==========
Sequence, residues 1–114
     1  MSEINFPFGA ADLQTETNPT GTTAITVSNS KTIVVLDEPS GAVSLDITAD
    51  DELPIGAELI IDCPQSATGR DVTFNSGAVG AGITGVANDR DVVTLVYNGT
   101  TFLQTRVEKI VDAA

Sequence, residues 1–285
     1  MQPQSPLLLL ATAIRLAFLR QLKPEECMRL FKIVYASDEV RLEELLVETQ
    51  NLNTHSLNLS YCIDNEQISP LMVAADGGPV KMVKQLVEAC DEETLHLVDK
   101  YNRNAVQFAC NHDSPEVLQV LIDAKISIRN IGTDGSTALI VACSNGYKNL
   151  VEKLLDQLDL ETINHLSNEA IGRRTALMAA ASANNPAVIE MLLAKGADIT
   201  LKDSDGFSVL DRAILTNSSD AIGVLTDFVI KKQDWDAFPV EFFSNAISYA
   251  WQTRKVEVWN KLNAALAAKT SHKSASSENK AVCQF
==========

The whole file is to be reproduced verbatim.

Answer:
Sequence, residues 1–114
     1  MSEINFPFGA ADLQTETNPT GTTAITVSNS KTIVVLDEPS GAVSLDITAD
    51  DELPIGAELI IDCPQSATGR DVTFNSGAVG AGITGVANDR DVVTLVYNGT
   101  TFLQTRVEKI VDAA

Sequence, residues 1–285
     1  MQPQSPLLLL ATAIRLAFLR QLKPEECMRL FKIVYASDEV RLEELLVETQ
    51  NLNTHSLNLS YCIDNEQISP LMVAADGGPV KMVKQLVEAC DEETLHLVDK
   101  YNRNAVQFAC NHDSPEVLQV LIDAKISIRN IGTDGSTALI VACSNGYKNL
   151  VEKLLDQLDL ETINHLSNEA IGRRTALMAA ASANNPAVIE MLLAKGADIT
   201  LKDSDGFSVL DRAILTNSSD AIGVLTDFVI KKQDWDAFPV EFFSNAISYA
   251  WQTRKVEVWN KLNAALAAKT SHKSASSENK AVCQF